I wanted to go where I could do the most positive damage.
A little help from a friend
Colin Mulholland went from homelessness to finding a place where he belongs at UAlberta.
By BRIDGET STIRLING
How do you go from being homeless to being a university student?
Colin Mulholland isn’t your typical undergrad. At 48, he’s a second-year student working toward a BA in native studies. Although most of his peer group at the university are in their twenties, he feels like he’s in exactly the right place at the right time.
Getting here has been a circuitous route. In 2005, after the loss of his marriage, Colin became homeless. Like many people who end up living on Edmonton’s streets, he has a mental illness: Colin lives with dysthymia, a type of chronic depression. He also had a lifelong substance abuse problem, using alcohol and marijuana. But more than that, Colin says, his problems came from a feeling of disconnection. “I didn’t know where I fit in the work world, or even in the world. I gave up.”
That feeling of being lost led to seven years of instability and homelessness. Colin sought support through a number of Edmonton agencies, as well as government programs such as Henwood Treatment Centre and Alberta Works. It was an Alberta Works worker he met while staying with friends in Spruce Grove who initially built a relationship with Colin and suggested he return to school in Edmonton.
Having someone see the potential in him opened Colin’s eyes to a new possibility: becoming a social worker and returning to the inner city where he’d lived for so long, so he could help people like him find new possibilities. Colin explains with a smile, “I wanted to go where I could do the most positive damage.”
But going back to school was a daunting thought. Colin struggled with the idea of returning to school as a mature student with a complex life history. Would he be able to keep up with the demands? Would he fit?
One ally can open the door
That’s when he met Jared Tkachuk, who was the first social worker with the Edmonton Public Library outreach program. Now a regular service in Edmonton’s core area libraries, at the time the program was a pilot project formed through a partnership between EPL and Boyle Street Community Services, a United Way supported agency. The role of the outreach workers is to support at-risk Edmontonians through literacy, education and social support. Many people who are living with poverty and homelessness feel safe and secure in the library, making it an ideal place for workers to connect with people in need.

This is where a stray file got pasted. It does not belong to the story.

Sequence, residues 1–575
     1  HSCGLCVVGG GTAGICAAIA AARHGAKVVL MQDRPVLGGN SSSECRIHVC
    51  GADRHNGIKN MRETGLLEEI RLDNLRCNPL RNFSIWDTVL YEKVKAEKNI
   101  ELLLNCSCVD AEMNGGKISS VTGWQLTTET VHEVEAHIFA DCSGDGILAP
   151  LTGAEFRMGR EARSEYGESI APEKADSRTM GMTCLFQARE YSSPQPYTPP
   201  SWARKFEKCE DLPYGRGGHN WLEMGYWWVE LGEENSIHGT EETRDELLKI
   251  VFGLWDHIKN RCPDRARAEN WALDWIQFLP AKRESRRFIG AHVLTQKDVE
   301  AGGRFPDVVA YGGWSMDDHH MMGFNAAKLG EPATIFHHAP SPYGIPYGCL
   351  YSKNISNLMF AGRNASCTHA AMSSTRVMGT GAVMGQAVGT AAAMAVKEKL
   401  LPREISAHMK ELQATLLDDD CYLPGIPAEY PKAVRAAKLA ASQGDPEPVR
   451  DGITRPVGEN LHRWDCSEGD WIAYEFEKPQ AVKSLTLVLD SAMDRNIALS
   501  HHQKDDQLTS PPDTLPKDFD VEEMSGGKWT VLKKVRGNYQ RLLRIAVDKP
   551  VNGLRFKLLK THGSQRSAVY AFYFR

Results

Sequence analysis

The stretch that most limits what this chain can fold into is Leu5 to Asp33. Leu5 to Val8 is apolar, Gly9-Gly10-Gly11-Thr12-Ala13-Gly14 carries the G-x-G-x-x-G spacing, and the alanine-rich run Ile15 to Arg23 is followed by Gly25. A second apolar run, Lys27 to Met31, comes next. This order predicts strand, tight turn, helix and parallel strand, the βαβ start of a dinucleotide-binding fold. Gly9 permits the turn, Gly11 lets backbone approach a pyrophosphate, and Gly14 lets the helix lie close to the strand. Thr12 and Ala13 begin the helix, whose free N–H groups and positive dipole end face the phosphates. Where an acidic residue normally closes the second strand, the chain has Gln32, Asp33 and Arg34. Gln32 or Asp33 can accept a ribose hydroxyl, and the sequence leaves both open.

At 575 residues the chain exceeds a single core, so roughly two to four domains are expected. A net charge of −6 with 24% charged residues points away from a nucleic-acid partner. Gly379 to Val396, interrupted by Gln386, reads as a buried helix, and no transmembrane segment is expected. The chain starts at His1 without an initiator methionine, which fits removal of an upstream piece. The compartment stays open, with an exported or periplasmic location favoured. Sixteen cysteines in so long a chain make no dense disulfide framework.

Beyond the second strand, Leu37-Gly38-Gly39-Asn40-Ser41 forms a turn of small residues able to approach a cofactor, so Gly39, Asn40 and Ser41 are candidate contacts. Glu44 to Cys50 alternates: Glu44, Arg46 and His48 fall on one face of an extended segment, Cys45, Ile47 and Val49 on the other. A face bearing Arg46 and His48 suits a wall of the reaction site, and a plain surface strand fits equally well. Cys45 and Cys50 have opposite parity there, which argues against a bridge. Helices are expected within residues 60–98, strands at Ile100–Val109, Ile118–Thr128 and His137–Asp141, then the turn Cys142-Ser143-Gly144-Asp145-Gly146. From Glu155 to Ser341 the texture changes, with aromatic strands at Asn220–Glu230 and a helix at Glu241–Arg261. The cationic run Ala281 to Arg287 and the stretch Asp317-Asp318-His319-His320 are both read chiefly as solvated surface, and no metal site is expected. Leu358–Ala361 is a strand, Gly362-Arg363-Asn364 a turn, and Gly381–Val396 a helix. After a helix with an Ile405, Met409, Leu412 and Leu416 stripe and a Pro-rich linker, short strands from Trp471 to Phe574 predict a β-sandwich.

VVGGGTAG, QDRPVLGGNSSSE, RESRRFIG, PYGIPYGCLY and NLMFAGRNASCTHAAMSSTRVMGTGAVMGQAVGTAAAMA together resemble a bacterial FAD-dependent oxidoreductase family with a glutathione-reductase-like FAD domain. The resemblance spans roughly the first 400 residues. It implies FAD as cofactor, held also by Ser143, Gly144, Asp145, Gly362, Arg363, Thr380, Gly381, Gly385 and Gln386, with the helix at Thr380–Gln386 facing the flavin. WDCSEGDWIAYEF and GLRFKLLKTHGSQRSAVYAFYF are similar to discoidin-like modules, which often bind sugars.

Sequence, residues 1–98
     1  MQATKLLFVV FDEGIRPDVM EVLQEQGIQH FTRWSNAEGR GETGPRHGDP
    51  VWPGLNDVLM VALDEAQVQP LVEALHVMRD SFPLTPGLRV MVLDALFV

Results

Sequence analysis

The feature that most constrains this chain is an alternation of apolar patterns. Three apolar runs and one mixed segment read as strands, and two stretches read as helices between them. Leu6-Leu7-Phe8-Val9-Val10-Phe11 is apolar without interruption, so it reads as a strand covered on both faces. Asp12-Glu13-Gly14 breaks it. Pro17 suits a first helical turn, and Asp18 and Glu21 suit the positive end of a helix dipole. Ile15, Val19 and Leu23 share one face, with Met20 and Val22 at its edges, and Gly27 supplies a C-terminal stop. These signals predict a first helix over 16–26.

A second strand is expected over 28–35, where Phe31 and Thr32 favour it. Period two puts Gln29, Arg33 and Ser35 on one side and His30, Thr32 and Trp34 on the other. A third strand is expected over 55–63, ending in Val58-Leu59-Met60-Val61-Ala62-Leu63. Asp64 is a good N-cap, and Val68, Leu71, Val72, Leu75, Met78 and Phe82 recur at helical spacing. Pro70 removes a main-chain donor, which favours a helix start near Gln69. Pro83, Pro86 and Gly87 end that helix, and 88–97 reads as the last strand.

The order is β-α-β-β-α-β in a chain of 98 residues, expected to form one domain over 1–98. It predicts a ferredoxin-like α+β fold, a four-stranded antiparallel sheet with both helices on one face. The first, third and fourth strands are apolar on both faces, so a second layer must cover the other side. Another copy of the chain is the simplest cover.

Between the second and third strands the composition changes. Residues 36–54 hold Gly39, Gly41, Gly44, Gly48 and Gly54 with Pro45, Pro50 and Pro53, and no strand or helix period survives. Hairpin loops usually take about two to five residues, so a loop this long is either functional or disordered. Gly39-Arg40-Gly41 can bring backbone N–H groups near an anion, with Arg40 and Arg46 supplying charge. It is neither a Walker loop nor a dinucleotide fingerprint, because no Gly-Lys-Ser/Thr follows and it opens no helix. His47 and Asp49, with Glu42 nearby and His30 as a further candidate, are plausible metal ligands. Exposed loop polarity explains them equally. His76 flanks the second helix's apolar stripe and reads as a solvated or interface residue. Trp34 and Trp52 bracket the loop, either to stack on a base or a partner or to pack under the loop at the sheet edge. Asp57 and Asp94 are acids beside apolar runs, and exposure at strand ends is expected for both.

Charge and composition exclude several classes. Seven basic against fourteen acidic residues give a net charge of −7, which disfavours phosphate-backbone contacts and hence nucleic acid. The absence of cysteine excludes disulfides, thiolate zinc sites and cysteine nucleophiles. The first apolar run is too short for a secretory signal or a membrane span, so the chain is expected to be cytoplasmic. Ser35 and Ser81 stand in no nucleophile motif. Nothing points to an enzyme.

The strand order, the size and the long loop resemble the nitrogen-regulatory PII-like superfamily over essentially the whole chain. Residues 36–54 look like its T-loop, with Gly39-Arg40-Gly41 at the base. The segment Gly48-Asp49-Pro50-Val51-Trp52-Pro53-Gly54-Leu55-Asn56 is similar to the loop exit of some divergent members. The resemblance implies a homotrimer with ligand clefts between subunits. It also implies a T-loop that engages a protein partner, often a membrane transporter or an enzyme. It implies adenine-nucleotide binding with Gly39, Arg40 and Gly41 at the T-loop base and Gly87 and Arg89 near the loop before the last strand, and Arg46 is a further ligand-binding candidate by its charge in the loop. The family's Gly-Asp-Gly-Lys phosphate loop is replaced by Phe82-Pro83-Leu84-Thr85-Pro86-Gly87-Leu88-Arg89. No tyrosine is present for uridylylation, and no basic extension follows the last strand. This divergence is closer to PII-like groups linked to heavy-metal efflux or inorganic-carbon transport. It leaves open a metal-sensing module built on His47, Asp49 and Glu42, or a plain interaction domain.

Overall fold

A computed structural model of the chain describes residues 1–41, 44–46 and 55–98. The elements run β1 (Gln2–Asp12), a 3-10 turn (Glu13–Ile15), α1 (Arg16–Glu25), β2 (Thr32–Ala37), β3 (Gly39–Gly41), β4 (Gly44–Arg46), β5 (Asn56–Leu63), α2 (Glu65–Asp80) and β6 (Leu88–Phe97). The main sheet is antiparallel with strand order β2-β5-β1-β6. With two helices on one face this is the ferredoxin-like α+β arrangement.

Colin knew Jared from a previous role the social worker had held with another agency, and he knew he could trust him as a friend and ally. Jared offered a conversational, mentoring relationship that opened the door for Colin to speak about his fears of attending post-secondary for the first time in his life. Having that person to believe in him supported Colin to take the next step.
Gathering his savings from a summer living and working at an organic herb farm as well as money from doing five years’ worth of tax returns, Colin took the next step and started classes at Norquest. With family support, scholarships and honoraria for serving on the student council and with other student groups, he worked his way through to his social work diploma. But he wasn’t done yet.
A new sense of belonging
Through his experiences with social service agencies, Colin came to recognize how many Indigenous people felt marginalized in those systems. He felt that many people working in the social services wanted to help but didn’t have an understanding of Indigenous culture and experiences. The next step was clear: he would apply to the U of A and major in native studies.
As a student, he’s beginning to see some exciting possibilities for making positive social change after graduation. He’s currently in a drama class with a community service-learning component, working with the GeriActors community theatre group based out of SAGE (the Seniors Association of Greater Edmonton). Colin is interested in ways he can bring his social work diploma and his university degree together in a community theatre context with the idea of “creating something that breaks down dichotomies and the things that keep us from talking.”
His studies in Cree are an important part of that goal. “I want to become fluent in Cree to understand culture,” he explains, noting that he wants to break down the sense of alienation many Indigenous people feel when seeking help from organizations—something he says causes an imbalance in access to services.
These days, he’s continuing to rebuild his own sense of belonging. After so many years, it’s hard for him to feel that he has a home, even now that he has an apartment that he shares with McMurphy, his cat. “It doesn’t feel like mine, but I’m making moves to try to claim it.” With the continued support of student mental health services on campus, his friends and the staff in the faculty, and his determination to build a more just and inclusive world, Colin has found where he belongs.